|Home » Learning Curve » Red Hat Diaries
Crimea 16 March
It was almost too easy.
It was almost too easy.
Putin was at the closing ceremonies of the paralympics in Sochi. The polls in the Crimea closed and now with over 70% of the vote counted, over 95% of the votes go to joining the Russian Federation.
Not exactly a surprise.
56% of the population of the Crimea are already Russian, but given the events of the past few months in Kiev, it's a wonder anyone would vote to stay aligned with the Ukraine any longer. The alignment goes only 60 years back anyway. And now, what with the neo-Nazis seizing power in Kiev and installing 'Yat the Rat' as interim PM, the comparatively sensible peoples of east Ukraine and the Crimea have had it.
Celebrations were widespread all through the new country tonight. Big shows, fireworks, happy people. The pictures don't lie. The Crimea could turn into a major tourist attraction for their amiable people alone. Reggae music was heard being blasted on the streets, and so forth.
The spectre of Ukrainian democracy: Dmitry Yarosh of the feared Right Sector.
It's a hard case to refute, no matter how hard the Nuland camp struggle to find a way. Victoria Nuland and the US ambassador to the Ukraine, as revealed by the leak, sliced up the coming government, decided who would not be in the new government (including one famous boxer) and who would be in (including 5 neo-Nazis and Yat the Rat). It didn't work.
International observers were all over the referendum and reported that everything was done correctly. The referendum got more turnout than expected, and expectations were already understandably high. The mandate of the voting results was more clear than any US or western politician could ever dream of. The ruble will be a concurrent currency starting tomorrow until, six month later, the old currency is phased out. The welfare of the people of the Crimea increases immediately. Their safety against the hooligans in Kiev is strengthened immediately. And they will then, already tomorrow, formally request membership in the Russian Federation.
You can't get more democratic than that.
Amateurish foreign policy: Yat the Rat gets to meet the Peace Prize laureate in the White House.
The 16 March referendum in the Crimea was a great victory for democracy on our planet. Join in with the people of the Crimea in their celebrations; be inspired by them. The same thing can happen in your country: this is all about 'people rule'.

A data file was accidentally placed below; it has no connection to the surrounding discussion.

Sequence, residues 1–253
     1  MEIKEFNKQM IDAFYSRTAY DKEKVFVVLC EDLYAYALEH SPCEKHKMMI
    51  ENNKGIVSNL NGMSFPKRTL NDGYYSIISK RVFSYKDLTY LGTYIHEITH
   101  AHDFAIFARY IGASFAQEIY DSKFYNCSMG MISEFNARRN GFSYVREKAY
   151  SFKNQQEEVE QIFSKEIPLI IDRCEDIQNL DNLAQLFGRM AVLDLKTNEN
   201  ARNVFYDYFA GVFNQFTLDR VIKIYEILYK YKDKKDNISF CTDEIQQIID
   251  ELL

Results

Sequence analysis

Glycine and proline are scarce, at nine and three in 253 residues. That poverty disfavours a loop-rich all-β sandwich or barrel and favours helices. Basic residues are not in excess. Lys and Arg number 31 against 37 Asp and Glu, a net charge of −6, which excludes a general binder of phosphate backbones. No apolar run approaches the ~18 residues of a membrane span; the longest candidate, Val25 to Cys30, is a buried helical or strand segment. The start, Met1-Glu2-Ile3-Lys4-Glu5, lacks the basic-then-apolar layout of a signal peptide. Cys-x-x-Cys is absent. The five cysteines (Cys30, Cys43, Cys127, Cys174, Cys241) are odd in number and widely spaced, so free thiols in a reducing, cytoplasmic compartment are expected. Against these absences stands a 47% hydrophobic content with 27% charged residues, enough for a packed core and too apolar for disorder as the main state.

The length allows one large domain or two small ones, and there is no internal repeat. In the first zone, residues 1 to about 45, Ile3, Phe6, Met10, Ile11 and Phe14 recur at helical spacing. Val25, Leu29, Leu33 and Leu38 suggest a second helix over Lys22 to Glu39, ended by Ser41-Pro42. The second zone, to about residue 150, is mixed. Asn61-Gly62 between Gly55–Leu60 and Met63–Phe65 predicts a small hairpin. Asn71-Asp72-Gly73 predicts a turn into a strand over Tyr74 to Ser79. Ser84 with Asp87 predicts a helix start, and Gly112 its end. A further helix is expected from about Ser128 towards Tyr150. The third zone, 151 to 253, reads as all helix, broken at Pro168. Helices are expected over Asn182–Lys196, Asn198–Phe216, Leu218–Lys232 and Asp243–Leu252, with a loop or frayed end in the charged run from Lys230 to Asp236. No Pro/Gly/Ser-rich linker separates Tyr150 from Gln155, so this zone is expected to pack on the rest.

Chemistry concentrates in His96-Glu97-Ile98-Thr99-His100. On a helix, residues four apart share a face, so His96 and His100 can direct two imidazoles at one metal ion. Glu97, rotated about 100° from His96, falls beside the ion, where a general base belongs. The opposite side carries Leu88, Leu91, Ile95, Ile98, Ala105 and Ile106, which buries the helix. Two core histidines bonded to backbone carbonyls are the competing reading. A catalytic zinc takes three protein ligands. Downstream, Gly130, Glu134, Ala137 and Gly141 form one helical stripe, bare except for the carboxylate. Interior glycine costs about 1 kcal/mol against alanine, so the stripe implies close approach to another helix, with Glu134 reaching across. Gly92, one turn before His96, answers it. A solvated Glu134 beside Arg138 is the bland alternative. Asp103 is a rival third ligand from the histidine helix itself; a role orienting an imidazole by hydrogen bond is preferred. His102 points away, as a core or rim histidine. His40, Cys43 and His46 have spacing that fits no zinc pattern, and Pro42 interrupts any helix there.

The role of the western MSM through this tortuous time was more blatant than even in the incessant attacks on Julian Assange a while back (and continuing now and then to this day). The likes of James Ball, David Leigh, Nick Davies, Heather Brooke, and Luke Harding were found everywhere. Mythical stories were made up all over the place. It's a wonder anyone in the US can have one genuine clue.
Celebrations: People of the Crimea dancing in the streets.
Two formidable pieces that may help are from Empire Burlesque.
But perhaps best of all is this brilliant interview posted yesterday by 'Partisangirl' with a wonderful 'Ukraniangirl'. Find out what people on the ground really want. You might be surprised but you shouldn't be.
What happens now? Harry Potter had to fight a long time. 007 had his work cut out getting rid of Blofeld. And when Han Solo sent Darth Vader spinning into space at the end of the first Star Wars movie, you knew the bastard would somehow be back. The Peace Prize laureate hasn't given up, even though Peter Lavelle says he's never seen such amateurish foreign policy. So there will be dark clouds as time goes on.
Yet the victory in the Crimea 16 March may just mark the beginning of the end of an horrific era of US aggression, exceptionalism, and expansionism.
And through all this, Putin was at the paralympics. Grandmaster Putin plays a mean game of chess; Obama and Kerry play poker and football - bluff and brute force.
Guess who won again.